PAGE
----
The 335th meeting of the NY Comics & Picture-story Symposium will be held on Tuesday, April 26, 2022 at 7pm EST. ONLINE PRESENTATION VIA ZOOM. Please email comicssymposium@gmail.com to register for this event. Free and open to the public.

Simone Chess : Broadside Ballad Woodcuts: Premodern Visual Culture, Popular Media, and Queer Coding

Broadside ballads—single sheet songs on all topics, often printed with woodcut images—were wildly popular in the early modern period, but these popular and prolific illustrations have only recently begun to be considered as significant media in their own right. This talk will briefly review the history and impact of broadside ballad woodcut images in general, and then zoom in on the woodcut’s iterative lives of increasing meaning through reproduction and reuse. As certain images were reprinted in new contexts, they took on significance and meaning beyond any one use, becoming what Katie Sisneros has called “Early Modern Memes.” Building on the idea of woodcut images as signifiers beyond any single use, I’ll argue that certain woodcuts took on queer connotations, coming to be used to signal and advertise content related to nonnormative genders and sexualities. Tracking the lives of these queer-coded broadside ballad woodcuts deepens what we know about premodern visual vocabularies and puts our own queer visual language in conversation with its possible past.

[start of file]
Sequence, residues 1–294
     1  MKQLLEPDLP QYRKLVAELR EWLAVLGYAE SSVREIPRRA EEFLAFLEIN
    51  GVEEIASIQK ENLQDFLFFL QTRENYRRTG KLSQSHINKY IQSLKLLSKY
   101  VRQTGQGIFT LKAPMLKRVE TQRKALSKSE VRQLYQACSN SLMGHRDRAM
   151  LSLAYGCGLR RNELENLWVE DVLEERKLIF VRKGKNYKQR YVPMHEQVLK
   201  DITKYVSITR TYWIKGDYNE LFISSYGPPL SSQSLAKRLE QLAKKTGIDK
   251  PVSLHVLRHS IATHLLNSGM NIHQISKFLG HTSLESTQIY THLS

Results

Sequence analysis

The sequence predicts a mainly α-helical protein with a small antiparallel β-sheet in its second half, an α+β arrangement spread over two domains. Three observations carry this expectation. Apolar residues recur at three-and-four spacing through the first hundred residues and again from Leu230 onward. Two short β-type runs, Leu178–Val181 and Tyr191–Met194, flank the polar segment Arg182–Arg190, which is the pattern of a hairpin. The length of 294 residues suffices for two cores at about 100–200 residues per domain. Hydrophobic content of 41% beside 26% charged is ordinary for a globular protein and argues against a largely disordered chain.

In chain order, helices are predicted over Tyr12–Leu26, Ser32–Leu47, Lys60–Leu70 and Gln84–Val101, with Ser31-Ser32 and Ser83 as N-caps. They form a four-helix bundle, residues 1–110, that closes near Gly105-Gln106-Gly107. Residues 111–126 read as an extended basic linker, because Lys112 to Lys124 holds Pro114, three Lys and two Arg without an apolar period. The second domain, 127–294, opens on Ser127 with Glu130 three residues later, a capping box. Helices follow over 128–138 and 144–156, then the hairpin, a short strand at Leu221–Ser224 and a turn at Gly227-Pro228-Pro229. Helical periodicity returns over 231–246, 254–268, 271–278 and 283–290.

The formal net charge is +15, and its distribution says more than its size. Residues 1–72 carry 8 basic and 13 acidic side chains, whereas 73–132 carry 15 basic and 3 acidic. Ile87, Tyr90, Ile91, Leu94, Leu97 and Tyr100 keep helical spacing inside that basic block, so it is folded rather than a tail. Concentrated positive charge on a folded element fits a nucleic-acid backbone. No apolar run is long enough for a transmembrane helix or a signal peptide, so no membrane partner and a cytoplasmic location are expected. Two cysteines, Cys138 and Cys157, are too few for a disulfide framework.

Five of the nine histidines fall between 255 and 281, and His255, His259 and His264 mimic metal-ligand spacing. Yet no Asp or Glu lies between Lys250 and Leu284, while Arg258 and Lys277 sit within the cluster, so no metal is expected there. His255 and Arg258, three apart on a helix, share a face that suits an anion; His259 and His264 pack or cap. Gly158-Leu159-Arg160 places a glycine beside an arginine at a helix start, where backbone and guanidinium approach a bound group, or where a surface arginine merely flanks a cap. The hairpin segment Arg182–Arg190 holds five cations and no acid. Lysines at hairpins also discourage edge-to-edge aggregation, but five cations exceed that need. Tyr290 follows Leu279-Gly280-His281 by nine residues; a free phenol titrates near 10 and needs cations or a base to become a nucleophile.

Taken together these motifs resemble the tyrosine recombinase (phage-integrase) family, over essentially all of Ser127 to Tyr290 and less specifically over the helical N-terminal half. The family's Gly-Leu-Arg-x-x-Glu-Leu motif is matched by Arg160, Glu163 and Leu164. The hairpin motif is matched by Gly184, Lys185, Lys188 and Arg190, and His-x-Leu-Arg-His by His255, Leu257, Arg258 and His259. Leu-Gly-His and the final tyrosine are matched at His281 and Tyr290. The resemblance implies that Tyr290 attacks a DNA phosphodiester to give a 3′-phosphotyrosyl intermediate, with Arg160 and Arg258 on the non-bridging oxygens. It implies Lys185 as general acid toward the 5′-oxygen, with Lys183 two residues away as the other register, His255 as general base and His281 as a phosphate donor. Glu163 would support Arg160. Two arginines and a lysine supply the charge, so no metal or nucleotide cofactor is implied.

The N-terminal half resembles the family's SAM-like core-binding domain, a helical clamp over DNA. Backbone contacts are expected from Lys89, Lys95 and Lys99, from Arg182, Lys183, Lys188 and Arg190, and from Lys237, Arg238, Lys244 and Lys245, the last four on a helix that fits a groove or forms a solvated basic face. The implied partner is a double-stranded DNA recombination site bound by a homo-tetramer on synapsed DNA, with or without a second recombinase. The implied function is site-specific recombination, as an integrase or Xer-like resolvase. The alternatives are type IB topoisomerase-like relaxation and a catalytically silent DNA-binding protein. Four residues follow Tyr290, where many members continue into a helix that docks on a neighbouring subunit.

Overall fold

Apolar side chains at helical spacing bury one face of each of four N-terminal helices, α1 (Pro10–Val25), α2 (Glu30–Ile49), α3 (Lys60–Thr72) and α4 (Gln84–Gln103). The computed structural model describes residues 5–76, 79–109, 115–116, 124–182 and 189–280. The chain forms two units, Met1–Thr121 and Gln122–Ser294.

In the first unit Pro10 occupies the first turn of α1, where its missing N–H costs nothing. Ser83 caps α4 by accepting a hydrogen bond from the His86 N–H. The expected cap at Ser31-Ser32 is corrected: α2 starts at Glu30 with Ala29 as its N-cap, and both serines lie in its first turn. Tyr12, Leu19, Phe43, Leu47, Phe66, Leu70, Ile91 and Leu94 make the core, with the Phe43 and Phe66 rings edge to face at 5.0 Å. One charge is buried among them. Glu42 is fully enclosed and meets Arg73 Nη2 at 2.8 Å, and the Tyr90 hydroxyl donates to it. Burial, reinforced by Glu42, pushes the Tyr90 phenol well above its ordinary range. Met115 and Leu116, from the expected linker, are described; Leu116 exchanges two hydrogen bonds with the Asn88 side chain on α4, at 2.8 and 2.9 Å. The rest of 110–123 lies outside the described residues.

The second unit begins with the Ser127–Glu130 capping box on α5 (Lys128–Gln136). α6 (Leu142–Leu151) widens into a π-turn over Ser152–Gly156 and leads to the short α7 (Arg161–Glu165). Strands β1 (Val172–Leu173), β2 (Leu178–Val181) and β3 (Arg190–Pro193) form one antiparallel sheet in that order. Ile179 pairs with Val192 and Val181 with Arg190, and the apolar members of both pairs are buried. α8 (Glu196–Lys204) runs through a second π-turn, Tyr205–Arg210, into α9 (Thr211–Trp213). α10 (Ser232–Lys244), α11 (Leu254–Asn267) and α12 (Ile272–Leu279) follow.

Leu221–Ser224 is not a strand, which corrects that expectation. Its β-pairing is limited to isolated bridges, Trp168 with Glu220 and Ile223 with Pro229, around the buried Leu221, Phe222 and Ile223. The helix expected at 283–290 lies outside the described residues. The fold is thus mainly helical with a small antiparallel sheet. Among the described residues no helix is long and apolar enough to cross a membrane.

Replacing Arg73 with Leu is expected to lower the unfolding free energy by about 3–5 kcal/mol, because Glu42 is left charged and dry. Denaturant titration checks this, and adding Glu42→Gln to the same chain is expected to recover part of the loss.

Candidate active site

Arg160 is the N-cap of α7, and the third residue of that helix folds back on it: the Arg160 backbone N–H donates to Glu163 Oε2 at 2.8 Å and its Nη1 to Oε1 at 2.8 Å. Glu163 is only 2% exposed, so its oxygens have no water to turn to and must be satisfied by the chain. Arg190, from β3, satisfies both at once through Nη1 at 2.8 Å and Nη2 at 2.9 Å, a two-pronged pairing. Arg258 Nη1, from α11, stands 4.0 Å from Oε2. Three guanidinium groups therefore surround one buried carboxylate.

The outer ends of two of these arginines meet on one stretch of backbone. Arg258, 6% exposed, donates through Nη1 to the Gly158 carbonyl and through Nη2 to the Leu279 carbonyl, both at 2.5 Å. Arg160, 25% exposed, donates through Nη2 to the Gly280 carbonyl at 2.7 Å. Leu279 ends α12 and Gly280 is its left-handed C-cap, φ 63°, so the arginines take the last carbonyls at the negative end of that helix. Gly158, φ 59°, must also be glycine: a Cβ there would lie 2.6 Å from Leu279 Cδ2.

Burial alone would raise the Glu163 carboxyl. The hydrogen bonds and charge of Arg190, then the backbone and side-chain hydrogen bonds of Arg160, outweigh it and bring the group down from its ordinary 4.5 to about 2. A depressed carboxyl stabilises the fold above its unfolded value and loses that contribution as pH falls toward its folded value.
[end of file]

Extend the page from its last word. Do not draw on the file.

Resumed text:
Simone Chess is Associate Professor of English and Director of Gender, Sexuality, and Women’s Studies at Wayne State University in Detroit. She is the author of Male-to-Female Crossdressing in Early Modern English Literature: Gender, Performance, and Queer Relations (Routledge, 2016) and co-editor, with Will Fisher and Colby Gordon, of a special issue on “Early Modern Trans Studies” in The Journal for Early Modern Cultural Studies (JEMCS, 2019). She is completing a book on Shakespeare and trans culture for the Routledge “Spotlight on Shakespeare” series; another book project in progress will be about early modern disability, queerness, and technologies of sex. 

Woodcut image from “Watten Towns-End,” c. 1672, National Library of Scotland Crawford EB.91, English Broadside Ballad Archive (EBBA) 32833.